What's Covered in a Defensive Driving Course?

By: Staff Writer August 2, 2012
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A defensive driving course, or what some call traffic school, benefits all drivers, regardless of age or driving ability.

A typical class, which includes online defensive driving programs, covers:

  • Traffic crash statistics, including times when most crashes occur and age groups with the highest accident rates.
  • The dangers of driving under the influence of alcohol (DUI or DWI).
  • The dynamics of a crash. This pertains to how speed, place of impact and size of vehicle affects the severity of the collision.
  • An extensive look at safety equipment, addressing the importance of seat belts, head rests, air bags, and child safety seats.
  • Crash prevention techniques. This touches on a long list of driving tactics including proper following distances, scanning roadways, sharing the road with other vehicles, proper passing procedures, speed adjustments in different weather conditions, and knowing your vehicle's braking distance.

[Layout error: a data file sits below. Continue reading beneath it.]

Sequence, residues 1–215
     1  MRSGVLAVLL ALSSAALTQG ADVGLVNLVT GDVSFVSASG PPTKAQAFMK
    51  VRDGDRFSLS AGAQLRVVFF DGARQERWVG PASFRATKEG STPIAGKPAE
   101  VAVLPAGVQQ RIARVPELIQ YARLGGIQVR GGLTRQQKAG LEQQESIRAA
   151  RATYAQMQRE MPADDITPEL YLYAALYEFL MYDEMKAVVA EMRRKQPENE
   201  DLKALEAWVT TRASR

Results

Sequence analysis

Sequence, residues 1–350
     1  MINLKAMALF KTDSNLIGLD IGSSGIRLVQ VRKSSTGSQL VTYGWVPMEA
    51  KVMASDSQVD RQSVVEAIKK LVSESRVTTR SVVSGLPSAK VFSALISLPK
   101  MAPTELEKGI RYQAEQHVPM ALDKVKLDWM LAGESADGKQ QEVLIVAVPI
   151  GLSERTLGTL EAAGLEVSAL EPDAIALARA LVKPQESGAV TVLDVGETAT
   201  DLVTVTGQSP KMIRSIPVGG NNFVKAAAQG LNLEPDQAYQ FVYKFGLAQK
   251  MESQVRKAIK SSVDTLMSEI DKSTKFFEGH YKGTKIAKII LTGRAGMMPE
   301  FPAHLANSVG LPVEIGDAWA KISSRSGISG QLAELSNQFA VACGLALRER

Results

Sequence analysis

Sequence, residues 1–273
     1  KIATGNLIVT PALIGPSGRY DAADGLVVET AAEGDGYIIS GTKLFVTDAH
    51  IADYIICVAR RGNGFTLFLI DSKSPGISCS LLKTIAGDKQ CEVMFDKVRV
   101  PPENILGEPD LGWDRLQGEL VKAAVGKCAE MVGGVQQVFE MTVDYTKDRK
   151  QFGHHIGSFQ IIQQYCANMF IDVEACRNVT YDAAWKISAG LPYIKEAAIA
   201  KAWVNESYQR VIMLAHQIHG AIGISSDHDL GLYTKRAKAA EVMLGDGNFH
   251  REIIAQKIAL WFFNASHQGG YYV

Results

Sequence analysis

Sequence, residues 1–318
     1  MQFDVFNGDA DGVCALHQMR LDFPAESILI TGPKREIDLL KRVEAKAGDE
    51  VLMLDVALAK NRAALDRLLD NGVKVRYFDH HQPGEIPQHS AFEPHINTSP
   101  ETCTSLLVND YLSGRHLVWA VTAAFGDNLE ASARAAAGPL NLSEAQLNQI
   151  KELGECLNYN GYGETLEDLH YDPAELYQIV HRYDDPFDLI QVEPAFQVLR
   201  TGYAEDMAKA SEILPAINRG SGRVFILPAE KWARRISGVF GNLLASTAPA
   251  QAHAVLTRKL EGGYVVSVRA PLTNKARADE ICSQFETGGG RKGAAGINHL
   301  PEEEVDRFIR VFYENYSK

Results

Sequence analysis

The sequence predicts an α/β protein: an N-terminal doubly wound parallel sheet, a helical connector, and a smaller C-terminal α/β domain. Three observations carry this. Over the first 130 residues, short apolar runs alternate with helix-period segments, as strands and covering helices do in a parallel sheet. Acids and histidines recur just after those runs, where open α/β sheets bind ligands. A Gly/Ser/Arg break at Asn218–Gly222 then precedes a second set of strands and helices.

• The risks of driving while fatigued, stressed, or angry.
  • Your respective state's traffic laws.

Why Enroll in a Traffic School

Besides the obvious benefit of making you a better driver, there are several other reasons to enroll. These include:

  • Many auto insurance providers reward enrollment with lower premiums. Contact your car insurance agent and ask if this money-saving option exists with your plan.
  • Traffic tickets. Depending on your state or situation, completing a defensive driving course may prompt your Department of Motor Vehicles (DMV) or presiding court to dismiss the charges. This could possibly prevent your drivers license from getting suspended or revoked. For example, say you have an excessive number of speeding tickets on your driving record, and you just got flagged again, putting you in jeopardy of being declared a habitual offender. Having the ticket removed could possibly save your driving privileges.
  • Some states reward traffic school enrollment with the removal of points. New York, for example, trims up to four points from a driving record. The exact number of points removed depends on state.

If you enroll for the purpose of tickets or points, be sure the traffic school you enroll in meets state approval. Otherwise, you will not be credited. Play it safe by obtaining a list of approved traffic schools from your local DMV.

Do you have any defensive driving course experiences you'd like to share with our online family? Share your knowledge below in our comment section.

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